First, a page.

This at least accounts for lying by omission, as in the case of the teacher. But this runs into a problem we’ve seen before: it includes things we do not really want to say are actual lies. For example, consider your favorite football team. They often come to the line of scrimmage attempting to disguise their defense, or on offense make a fake move before unleashing their real play, and so on. Are these all lies, all moral violations, and hence evil? It would seem not.

So, suppose you think for another moment and suggest this: “Lying is an attempt to have another person x believe P, when not-P is true, and x should have a reasonable expectation (or else a “right”) to receive the truth about P.”

Now this has some merit. In order to defeat a proposed definition, one will typically want to show it is either too broad or too narrow. Does this definition survive? Let’s test it against some of our examples: First, if we’re telling a fictional story, we get the right answer that we’re not lying, since x does not have a reasonable expectation that he will receive the truth about P.[2] Making a joke is also excluded, as are games. There is, of course, the worry jokes or stories are taken too far—but we tend to agree it’s not in virtue of these being jokes and stories that they are lies. It also includes lying by omission.

It also provides what many of us take to be the “right” answer in some classic ethical quandaries. Consider the family hiding Jews in WWII Germany and the Nazis come by. They ask, “Are there any Jews here?” If you answer “no,” then you are lying and thereby violate a moral norm. If you answer “yes,” however, you are not protecting the innocent (at least not very effectively, anyway). While there are answers that vigorously defend the “yes” position, we typically want to say protection of the Jews by saying “no” is morally justified. But it also seems bizarre to claim lying is ever morally right or permissible. In fact, it’s a violation of the ninth commandment (Exodus 20:16)! But on this view, answering “no” is not lying. The Nazi does not have a reasonable expectation for the family to tell him the truth about the Jews, given that he intends to persecute, torture, experiment on, and ultimately kill them.

There is one worry here, and it’s about rationality. Suppose the Nazi thinks, “They know, or should know, that telling me an untruth about the presence of Jews will result in their incarceration or death, and the risk that I will check their home anyway is decent. Thus, the rational thing for them to do is to tell me the truth.” Here, it seems the Nazi has a reasonable expectation after all (is it really unreasonable, given the thought process?). But this is why I added “the right” portion above. Given that it’s a moral atrocity, if such people are hiding Jews, it’s because they have moral sensitivities (most likely); if that is the case, does he have the right to expect such people to move against these sensibilities and answer him, revealing the presence of the Jews? It seems not. The one committing a moral crime is not necessarily owed—or does not have the right to reasonably expect—the truth in a particular situation in which he is involved directly with moral evil.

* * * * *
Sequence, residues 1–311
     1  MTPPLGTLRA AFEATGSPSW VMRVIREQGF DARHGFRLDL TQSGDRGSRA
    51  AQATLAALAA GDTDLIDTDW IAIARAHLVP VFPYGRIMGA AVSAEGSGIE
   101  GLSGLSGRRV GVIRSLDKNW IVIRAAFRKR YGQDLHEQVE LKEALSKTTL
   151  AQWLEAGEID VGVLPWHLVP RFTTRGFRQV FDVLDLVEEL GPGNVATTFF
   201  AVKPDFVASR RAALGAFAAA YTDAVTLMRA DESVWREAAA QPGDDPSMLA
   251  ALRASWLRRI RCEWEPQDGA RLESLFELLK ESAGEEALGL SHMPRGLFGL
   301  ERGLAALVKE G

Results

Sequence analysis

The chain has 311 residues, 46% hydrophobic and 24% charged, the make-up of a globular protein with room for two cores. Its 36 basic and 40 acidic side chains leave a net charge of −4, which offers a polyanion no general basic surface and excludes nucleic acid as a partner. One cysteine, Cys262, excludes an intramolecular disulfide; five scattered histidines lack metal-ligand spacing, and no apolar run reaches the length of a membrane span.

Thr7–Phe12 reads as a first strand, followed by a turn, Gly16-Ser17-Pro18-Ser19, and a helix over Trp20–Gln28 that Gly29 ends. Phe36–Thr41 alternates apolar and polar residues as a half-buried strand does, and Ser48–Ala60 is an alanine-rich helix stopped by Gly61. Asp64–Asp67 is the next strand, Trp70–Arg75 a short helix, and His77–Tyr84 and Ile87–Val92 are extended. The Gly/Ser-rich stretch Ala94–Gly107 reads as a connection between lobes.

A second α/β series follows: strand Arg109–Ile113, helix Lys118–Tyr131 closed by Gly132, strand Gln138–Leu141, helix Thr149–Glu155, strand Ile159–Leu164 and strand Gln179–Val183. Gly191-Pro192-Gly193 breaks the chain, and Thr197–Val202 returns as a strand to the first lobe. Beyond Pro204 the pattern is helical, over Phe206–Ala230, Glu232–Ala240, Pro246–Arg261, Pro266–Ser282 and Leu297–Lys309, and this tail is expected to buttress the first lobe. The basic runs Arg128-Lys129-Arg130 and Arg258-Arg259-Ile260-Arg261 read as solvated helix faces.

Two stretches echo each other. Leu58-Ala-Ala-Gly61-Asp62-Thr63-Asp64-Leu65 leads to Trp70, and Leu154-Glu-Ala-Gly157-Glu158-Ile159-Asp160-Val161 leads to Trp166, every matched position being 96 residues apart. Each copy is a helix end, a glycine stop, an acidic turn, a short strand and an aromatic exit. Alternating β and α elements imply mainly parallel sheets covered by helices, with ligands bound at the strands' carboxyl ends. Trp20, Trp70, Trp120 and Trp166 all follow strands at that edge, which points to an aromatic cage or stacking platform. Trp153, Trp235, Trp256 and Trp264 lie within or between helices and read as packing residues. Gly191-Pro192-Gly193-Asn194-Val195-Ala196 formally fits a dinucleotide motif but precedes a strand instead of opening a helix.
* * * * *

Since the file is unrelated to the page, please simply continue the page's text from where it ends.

And now we can apply this in the biblical narrative. In an ethics/moral philosophy course, we were once asked how many of us thought Rahab’s lie to cover for the pair of Jewish spies was justified, and how many thought it was not. The prof noticed my hand not going up for either, and I communicated I didn’t think it was a lie at all. We moved on for the sake of discussion, but I think it’s the right answer. It was not truth-telling, but as the enemies of God they did not satisfy what I am calling the reasonable expectation condition, and so should not have expected to hear the truth. Again, it must be noted that this condition deals with the rights one has to the truth in a given situation involving direct moral issues. I’ll leave it to others to decide whether or not telling people they look good when they don’t qualifies. J

[1] Here I am thinking of the game “Two Truths and a Lie,” where the winner is the one who convinces the others of the truth of the story when it is in fact false.

[2] Note also that if one protests that we could tell x “What I am about to tell you is absolutely true,” that it would be a lie. But this comports perfectly well with the definition given: in those circumstances, all being equal, x does have a reasonable expectation to be given the truth.